In Jewett, Texas, the Nucor (www.nucor.com) steel plant is one of the first electric arc furnace plants in the United States. By using the electric arc process to melt and recycle scrap steel, Nucor plants avoid a significant part of the cost and pollution that are involved in integrated iron and steel production with blast furnaces. Nucor was an early participant in the shift from refining to recycling as the primary source of steel in the United States. Today the company is the largest U.S. steel producer with an annual capacity of more than 25 million tons. It also is one of North America’s largest recyclers.
Since 1975, the Jewett plant has been producing merchant bar quality (MBQ) long-bar steel products from scrap. The plant is 989,000 sq ft under roof and provides work for 360 employees and 40 contractors.
Effectiveness and efficiency
“Nucor Jewett has sustained growth in profitability despite today’s macro-economic challenges,” says Tommy Massey, maintenance department manager. Nucor plants have never had employee layoffs due to business reduction. This performance is not characteristic of steel or most other U.S. primary materials industries.
Since it was founded as a steel recycler, Nucor’s impact on the industry has been one of “increased energy efficiency and output” over conventional processes, says Massey. The company’s annual output indicates that a similar amount of automotive, construction, and other steel products have been diverted from salvage yards and landfills back into useful production.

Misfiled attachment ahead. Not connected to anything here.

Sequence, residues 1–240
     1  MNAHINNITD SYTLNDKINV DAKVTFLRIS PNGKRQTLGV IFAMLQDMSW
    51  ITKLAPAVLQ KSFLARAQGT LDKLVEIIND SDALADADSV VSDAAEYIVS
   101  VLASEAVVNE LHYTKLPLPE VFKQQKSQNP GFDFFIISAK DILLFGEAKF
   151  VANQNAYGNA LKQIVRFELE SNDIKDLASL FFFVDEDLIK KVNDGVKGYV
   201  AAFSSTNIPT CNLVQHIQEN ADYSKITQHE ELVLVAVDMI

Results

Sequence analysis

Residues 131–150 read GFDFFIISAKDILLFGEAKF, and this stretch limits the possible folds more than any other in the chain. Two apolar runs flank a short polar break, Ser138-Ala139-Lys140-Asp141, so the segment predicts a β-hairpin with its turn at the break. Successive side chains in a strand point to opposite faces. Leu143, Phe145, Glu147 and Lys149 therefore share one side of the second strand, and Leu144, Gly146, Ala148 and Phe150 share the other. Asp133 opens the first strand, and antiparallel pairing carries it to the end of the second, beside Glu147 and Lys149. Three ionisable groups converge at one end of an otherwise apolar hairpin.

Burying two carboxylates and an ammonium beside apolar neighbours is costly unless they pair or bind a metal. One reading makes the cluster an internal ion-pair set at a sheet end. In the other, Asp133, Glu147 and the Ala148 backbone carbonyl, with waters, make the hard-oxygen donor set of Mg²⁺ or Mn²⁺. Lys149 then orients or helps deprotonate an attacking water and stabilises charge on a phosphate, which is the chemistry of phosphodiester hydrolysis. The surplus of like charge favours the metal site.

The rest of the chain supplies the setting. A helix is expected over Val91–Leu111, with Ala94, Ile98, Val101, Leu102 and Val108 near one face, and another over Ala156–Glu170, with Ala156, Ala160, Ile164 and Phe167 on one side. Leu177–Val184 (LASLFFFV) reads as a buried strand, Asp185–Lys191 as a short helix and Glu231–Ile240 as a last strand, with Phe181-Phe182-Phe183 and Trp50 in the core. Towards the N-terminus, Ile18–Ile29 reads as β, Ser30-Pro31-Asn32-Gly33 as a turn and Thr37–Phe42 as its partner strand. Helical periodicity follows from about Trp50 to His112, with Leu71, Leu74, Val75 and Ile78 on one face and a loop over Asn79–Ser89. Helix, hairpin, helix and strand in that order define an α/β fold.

|J. Stanton McGroarty, CMfgE, CMRP, is senior technical editor of Plant Services. He was formerly consulting manager for Strategic Asset Management International (SAMI), where he focused on project management and training for manufacturing, maintenance and reliability engineering. He has more than 30 years of manufacturing and maintenance experience in the automotive, defense, consumer products and process manufacturing industries. He holds a bachelor of science degree in mechanical engineering from the Detroit Institute of Technology and a master’s degree in management from Central Michigan University. He can be reached at firstname.lastname@example.org or check out his Google+ profile.|
Profitability and ecology are important, of course, but the topic about which Massey is most excited is safety. “Our team achieved OSHA’s Voluntary Protection Programs (VPP) Star site status in 2010 for having one of the best, if not the best, safety performance in our industry and for meeting the requirements of that program at a high level,” says Massey. “Our electric arc furnace produces approximately 200 standard tons of steel per hour. Our team pioneered an innovative solution to the slag door on this furnace that significantly improved safety by removing operators from the front of the furnace and greatly increased efficiency due to less ambient air being drawn into the furnace.”
One of the common types of accident in steel melting equipment results from accidental mixing of hot steel or slag with impurities like water in the containers that receive the molten material. The water can flash to steam from the heat and eject the molten contents of a slag pot into the surrounding area. Removing the workers from this zone is an important safety advance.
Massey recommends a three-pronged approach to safety, which includes personal responsibility of the team members, a safe work environment, and excellence in safe work practices and procedures. Nucor Jewett has also installed high-efficiency fan designs reducing energy consumption while maintaining designed flows.
Massey’s formula for the kind of success Nucor has had in Jewett has several parts, including “change leadership, Nucor culture of team member empowerment, internal and external team member development programs and tools, and strong relationships with OEMs, suppliers, and partners.”